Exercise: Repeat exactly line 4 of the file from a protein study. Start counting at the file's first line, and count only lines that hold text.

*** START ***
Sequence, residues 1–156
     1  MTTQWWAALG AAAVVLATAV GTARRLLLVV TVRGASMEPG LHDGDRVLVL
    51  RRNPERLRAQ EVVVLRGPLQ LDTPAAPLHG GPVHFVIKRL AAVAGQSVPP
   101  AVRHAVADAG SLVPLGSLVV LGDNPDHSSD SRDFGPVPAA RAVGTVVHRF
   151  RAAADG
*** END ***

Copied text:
   101  AVRHAVADAG SLVPLGSLVV LGDNPDHSSD SRDFGPVPAA RAVGTVVHRF